Title: Assistant Professor
Degree: Ph.D. University of Oregon
Office: 303 Holdsworth
I’m interested in uncovering the underlying psychological, social and contextual factors that influence individual and collective environmental decision-making. Understanding what drives the conservation- and sustainability-related actions people take can help inform strategies, programs, interventions and policies designed to improve both environmental conservation and human well-being. I primarily use methods and theory from the behavioral and communication sciences to reveal how individuals and communities make environmentally-relevant decisions, often in the face of conflicting priorities and significant tradeoffs. My research, teaching and practice all aim to develop and highlight the insights that behavioral science has to offer in promoting positive environmental and societal outcomes.
1) Intergenerational environmental decision-making
Much of my recent research has been focused on uncovering factors that influence how individuals make decisions in the present that have their most important impacts in the future, and particularly on other people in the future. I am currently exploring a number of issues related to this topic, including the role of moral emotions such as gratitude on future-oriented decision-making and the impact of legacy concerns on climate change concern and action.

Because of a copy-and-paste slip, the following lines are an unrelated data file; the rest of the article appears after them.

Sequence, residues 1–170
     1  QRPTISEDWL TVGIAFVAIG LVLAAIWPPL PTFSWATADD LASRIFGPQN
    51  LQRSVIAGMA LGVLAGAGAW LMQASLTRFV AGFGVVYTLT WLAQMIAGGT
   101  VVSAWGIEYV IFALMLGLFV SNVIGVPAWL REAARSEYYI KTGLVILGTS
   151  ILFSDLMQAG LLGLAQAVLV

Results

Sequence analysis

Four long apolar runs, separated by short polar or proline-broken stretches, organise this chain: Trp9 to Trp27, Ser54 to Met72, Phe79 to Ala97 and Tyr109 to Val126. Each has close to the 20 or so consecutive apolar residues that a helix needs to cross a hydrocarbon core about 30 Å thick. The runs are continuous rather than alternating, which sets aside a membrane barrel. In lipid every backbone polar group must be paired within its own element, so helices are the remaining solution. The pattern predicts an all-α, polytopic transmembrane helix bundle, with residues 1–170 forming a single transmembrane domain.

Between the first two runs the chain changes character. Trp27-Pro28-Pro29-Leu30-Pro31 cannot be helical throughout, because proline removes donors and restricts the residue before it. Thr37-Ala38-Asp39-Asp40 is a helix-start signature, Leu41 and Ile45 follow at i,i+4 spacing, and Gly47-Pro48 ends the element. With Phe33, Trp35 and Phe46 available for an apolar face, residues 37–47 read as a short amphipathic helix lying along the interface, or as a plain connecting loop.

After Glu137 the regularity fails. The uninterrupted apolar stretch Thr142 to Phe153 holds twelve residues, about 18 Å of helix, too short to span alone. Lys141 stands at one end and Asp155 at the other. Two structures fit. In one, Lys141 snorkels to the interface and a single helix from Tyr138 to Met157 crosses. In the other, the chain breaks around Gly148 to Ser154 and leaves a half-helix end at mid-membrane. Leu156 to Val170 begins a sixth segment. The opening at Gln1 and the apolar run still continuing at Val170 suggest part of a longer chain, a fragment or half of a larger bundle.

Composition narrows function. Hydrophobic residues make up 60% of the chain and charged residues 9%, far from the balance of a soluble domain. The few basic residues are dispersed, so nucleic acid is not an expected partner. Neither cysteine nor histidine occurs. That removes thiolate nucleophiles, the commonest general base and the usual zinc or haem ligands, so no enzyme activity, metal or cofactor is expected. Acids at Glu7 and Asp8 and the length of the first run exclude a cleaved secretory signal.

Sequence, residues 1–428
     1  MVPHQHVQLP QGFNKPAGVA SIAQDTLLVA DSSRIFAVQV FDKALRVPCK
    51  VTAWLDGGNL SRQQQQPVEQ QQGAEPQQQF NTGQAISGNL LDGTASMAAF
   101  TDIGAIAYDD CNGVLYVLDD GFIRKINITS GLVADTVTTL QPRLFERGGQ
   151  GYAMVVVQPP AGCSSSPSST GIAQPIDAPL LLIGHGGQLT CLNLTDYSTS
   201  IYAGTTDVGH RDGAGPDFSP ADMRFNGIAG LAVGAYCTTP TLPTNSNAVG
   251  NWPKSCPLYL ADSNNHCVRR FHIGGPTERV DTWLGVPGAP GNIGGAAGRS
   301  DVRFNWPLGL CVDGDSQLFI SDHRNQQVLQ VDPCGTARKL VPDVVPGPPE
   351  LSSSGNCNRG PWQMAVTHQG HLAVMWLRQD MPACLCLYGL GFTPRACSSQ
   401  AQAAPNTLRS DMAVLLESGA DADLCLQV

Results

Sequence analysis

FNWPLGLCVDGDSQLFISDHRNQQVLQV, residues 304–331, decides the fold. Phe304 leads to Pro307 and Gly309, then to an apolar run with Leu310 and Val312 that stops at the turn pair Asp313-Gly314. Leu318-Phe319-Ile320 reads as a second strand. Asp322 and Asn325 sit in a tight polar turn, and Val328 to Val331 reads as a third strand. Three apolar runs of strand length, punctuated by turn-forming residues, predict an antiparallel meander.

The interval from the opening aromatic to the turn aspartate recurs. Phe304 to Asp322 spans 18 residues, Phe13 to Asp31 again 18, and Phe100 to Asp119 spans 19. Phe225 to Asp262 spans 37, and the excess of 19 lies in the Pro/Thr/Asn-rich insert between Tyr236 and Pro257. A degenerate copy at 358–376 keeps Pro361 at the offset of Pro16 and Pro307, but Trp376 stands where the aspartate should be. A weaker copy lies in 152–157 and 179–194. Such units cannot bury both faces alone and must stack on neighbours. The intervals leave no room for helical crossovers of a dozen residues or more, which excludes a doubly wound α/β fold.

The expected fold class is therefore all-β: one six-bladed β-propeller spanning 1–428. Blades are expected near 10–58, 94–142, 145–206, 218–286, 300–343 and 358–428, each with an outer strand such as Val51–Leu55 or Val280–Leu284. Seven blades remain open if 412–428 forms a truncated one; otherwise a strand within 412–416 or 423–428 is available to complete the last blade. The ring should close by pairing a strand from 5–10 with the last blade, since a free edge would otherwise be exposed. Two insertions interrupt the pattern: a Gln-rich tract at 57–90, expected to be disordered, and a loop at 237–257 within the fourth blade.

2) Decision architecture and environmental conservation
Over the past 10 years, a powerful set of tools for encouraging positive environmental, financial and health-related decision-making has emerged at the nexus of psychology and economics: decision (or choice) architecture (DA). Working with other DA experts at Columbia and elsewhere, I am currently working on a number of experimental and integrative projects that push our understanding of the effective and appropriate use of these tools for promoting environmental behavior change.
3) Interpersonal communication as under-appreciated pathway to positive behavior change
Most approaches to environmental communication rely on top-down, unidirectional (i.e., traditional) messaging techniques. Although important, decades of research in communications, marketing and psychology highlights the critical and powerful role that more informal forms of interpersonal communication play in shaping behavior and beliefs. Our group has begun exploring factors that influence various forms of interpersonal communication (e.g., social sanctioning, signaling, every conversation) regarding environmental issues, including individual differences, issue framing and reputational concerns.
4) Multi-disciplinary perspectives on climate ethics
The field of climate ethics has traditionally been dominated by philosophers. Recently, however, there has been an explosion of research across numerous disciplinary domains (including Psychology, Law, Economics, Geography and Political Science) on the ethical dimensions and implications of anthropogenic climate change. My work in this area aims to integrate disparate perspectives and bring more empirical research into the broader, multidisciplinary field of climate ethics.
5) Public engagement with science (and scientist engagement with the public)